It is commonly believed that acupuncture is a pain control technique that resets the pain receptors and pathways of the peripheral nervous system.
Many people are surprised to learn that acupuncture can alter hormone levels, blood levels,digestive enzymes, stomach motility, endorphin levels and much more.
The ancient Chinese recognized the vital energy behind all life’s processes, and life’s forms. They called this energy “Qi” (pronounced “chee”). They discovered that the body contains meridians(pathways of circulating Qi) and that each meridian was associated with a physiological system andorgan. Through 23 centuries these doctors refined and experimented with this system, ascribingunique functions to each acupuncture point.
For example ST36 (Zusanli), a point just below the knee on the stomach channel can increase or decrease stomach motility, alter acid levels, raise white blood cell levels and decrease blood pressure (to name just a few functions).
Does Acupuncture hurt?
Receiving acupuncture bears no resemblance to the feeling of receiving an injection.
Acupuncture needles are solid and very fine about the diameter of a human hair. We use special insertion tubes, which allow for a quick painless insertion. The sensation of Qi once an acupuncture point is accessed is often described as a drawing sensation.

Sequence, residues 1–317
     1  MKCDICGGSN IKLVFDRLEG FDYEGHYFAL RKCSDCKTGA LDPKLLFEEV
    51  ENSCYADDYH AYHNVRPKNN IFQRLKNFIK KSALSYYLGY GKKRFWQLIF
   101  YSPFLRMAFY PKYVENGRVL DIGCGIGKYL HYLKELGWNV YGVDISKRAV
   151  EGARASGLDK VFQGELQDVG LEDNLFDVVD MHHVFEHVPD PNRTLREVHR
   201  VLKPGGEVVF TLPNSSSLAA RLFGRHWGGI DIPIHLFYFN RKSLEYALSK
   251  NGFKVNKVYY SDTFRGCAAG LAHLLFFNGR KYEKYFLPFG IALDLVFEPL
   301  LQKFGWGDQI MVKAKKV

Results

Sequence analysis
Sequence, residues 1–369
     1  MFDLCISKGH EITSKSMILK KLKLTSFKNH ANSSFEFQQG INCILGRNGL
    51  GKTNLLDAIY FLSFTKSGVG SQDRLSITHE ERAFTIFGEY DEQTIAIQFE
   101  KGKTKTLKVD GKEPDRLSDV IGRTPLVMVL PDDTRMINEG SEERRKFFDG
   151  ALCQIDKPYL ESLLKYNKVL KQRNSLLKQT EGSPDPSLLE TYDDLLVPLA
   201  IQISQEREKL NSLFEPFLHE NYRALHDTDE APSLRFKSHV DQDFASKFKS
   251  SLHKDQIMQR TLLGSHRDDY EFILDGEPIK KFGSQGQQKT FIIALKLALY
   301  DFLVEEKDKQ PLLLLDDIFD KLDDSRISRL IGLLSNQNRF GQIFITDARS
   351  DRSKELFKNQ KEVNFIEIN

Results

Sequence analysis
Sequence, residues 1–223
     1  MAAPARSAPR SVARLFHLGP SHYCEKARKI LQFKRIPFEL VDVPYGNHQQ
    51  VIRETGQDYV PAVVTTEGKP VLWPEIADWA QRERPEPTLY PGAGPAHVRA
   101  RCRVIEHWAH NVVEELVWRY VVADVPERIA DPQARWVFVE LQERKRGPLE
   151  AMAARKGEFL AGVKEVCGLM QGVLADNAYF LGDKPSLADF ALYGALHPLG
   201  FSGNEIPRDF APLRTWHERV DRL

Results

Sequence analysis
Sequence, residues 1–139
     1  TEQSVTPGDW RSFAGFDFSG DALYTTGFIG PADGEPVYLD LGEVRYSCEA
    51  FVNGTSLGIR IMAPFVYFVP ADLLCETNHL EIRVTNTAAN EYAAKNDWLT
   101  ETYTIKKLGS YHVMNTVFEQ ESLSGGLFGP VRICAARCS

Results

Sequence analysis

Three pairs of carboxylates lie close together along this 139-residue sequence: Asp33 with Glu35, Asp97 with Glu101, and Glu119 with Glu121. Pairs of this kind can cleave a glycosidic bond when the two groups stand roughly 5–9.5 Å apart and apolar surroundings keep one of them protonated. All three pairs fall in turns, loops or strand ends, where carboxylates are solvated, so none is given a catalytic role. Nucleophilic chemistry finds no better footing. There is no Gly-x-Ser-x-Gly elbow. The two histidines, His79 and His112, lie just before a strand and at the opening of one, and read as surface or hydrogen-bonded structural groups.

Our goal in Acupuncture is to balance the body’s organ systems and promote the circulation of Qi. We do this by inserting very fine needles into carefully chosen points in the feet, arms and torso, often to bring about change in areas surprisingly far away from that point!
Our diagnosis is made from a detailed case history and discussion about all your body systems. We will look at your tongue and palpate your pulses. We also palpate your meridians, testing for relative excess and deficiency. In this way we create an overall picture of your health rather than isolating any one particular symptom.
Acupuncture and Craniosacral Therapy Compliment other Modalities
Acupuncture and craniosacral therapy are complete healing systems but they can compliment the following modalities in different ways:
Osteopathy and Chiropractic care… acupuncture softens tight muscles and releases anti-inflammatory chemicals so that these mechanical adjustments can hold.
Physiotherapy… acupuncture loosens the fascia and muscles from the inside so that the stretching exercises you are given in physiotherapy are more effective.
Massage… acupuncture address’s the underlying reasons for stress and tight muscles such as organ imbalances so that a massage is more easily assimilated by the body.
Psychotherapy Acupuncture calms the stress response cycle.
I often work in close partnership with the above therapists and have noticed much better results with clients when these multiple modalities are involved.
If you have had an injury, accident or fall within the past year, ACC may cover your acupuncture treatment.
You will need to have your injury assessed by your GP, Osteopath, Physio or Chiropractor.
Acupuncture treatments require no referral but please bring your relevant paperwork with you when you come for your first session.
My surcharge is 20.00.
Read Im Quah-Smith’s excellent article on acupuncture. She is Director of Medical Acupuncture Services at Balmain Hospital, Australia.